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Substance Abuse and Mental Health Services Administration. DSM-5 Changes: Implications for Child Serious Emotional Disturbance [Internet]. Rockville (MD): Substance Abuse and Mental Health Services Administration (US); 2016 Jun.

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DSM-5 Changes: Implications for Child Serious Emotional Disturbance [Internet].

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Table 18DSM-IV to DSM-5 Oppositional Defiant Disorder Comparison

DSM-IV: Oppositional Defiant DisorderDSM-5: Oppositional Defiant Disorder
Disorder Class: Attention Deficit and Disruptive Behavior DisordersDisorder Class: Disruptive, Impulse-Control, and Conduct Disorders
A. A pattern of negativistic; hostile, and defiant behavior lasting at least 6 months, during which four (or more of the following are present:
  1. Often loses temper
  2. Often argues with adults
  3. Often actively defies or refuses to comply with adults requests or rules
  4. Often deliberately annoys people
  5. Often blames others for his or her mistakes or misbehavior
  6. Is often touchy or easily annoyed by others
  7. Is often angry and resentful
  8. Is often vindictive
Note: Consider a criterion met only if the behavior occurs more frequently that is typically observed in individuals of comparable age and developmental level.
A. A pattern of angry/irritable mood, argumentative/defiant behavior, or vindictiveness lasting at least 6 months as evidenced by at least four symptoms of the following categories, and exhibited during interaction with at least one individual who is not a sibling:
Angry/Irritable Mood
1.

Often loses temper

2.

Is often touchy or easily annoyed

3.

Is often angry and resentful

Argumentative/Defiant Behavior
4.

Often argues with authority figures or, for children and adolescents, with adults

5.

Often actively defies or refuses to comply with requests from authority figures or with rules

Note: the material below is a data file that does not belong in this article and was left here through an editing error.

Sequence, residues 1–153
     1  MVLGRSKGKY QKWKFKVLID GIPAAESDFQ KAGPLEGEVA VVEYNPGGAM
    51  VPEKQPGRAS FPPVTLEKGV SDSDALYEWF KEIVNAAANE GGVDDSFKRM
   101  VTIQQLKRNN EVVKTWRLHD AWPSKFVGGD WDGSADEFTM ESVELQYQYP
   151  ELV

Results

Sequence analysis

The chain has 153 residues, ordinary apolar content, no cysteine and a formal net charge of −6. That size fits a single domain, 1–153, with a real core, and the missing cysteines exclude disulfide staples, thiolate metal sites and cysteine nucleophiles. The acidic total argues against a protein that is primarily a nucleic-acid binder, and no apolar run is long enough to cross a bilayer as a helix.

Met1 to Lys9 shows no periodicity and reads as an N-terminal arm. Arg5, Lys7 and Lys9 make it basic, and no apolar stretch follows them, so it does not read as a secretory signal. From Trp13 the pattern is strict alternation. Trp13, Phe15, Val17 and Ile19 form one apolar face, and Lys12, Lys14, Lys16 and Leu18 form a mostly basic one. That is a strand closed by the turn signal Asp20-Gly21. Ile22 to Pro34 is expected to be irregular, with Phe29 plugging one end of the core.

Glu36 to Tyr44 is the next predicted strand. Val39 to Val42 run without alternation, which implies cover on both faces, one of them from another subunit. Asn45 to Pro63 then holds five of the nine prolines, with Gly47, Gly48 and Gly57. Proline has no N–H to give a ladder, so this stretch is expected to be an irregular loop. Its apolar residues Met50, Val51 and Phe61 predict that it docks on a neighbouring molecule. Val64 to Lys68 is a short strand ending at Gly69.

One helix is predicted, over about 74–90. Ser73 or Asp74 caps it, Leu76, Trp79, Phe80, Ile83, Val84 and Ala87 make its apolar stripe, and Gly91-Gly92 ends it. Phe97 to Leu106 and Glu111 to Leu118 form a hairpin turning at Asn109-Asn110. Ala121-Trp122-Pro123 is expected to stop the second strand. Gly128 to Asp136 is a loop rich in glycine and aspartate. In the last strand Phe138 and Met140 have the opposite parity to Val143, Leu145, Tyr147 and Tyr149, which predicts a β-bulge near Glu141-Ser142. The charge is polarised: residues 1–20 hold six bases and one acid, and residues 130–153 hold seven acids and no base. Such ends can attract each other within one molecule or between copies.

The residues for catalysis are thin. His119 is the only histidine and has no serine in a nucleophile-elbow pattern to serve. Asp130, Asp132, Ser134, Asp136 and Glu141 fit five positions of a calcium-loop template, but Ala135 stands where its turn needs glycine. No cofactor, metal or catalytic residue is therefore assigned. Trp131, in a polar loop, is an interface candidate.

6.

Often deliberately annoys others

7.

Often blames others for his or her mistakes or misbehavior

Vindictiveness
8.

Has been spiteful or vindictive at least twice within the past 6 months.

Note: The persistence and frequency of these behaviors should be used to distinguish a behavior that is within normal limits from a behavior that is symptomatic. For children younger than 5 years, the behavior should occur on most days for a period of at least 6 months unless otherwise noted (Criterion AB). For individuals 5 years or older, the behavior should occur at least once per week for at least 6 months. Unless otherwise noted (Criterion AB). While these frequency criteria provide guidance on a minimal level of frequency to define symptoms, other factors should also be considered, such as whether the frequency and intensity of the behaviors are outside a range that is normative for the individual’s developmental level, gender, and culture.
B. The disturbance in behavior causes clinically significant impairment in social, academic, or occupational functioning,B. The disturbance in behavior is associated with distress in the individual or others in his or her immediate social context (e.g., family, peer group, work colleagues) or it impacts negatively on social, educational, occupational, or other important areas of functioning,
C. The behavior does not occur exclusively during the course of a Psychiatric or Mood Disorder.C. The behavior does not occur exclusively during the course of a psychotic, substance use, depressive, or bipolar disorder. Also the criteria are not met for disruptive mood dysregulation disorder.
D. Criteria are not met for Conduct Disorder, and, if the individual is age 18 or older, criteria are not met for Antisocial Personality DisorderDropped
Specify current severity:
  • Mild: Symptoms are confined to only one setting (e.g., at home, at school, at work, with peers).
  • Moderate: Some symptoms are present in at least two settings
  • Severe: Some symptoms are present in three or more settings.

From: 3, DSM-5 Child Mental Disorder Classification

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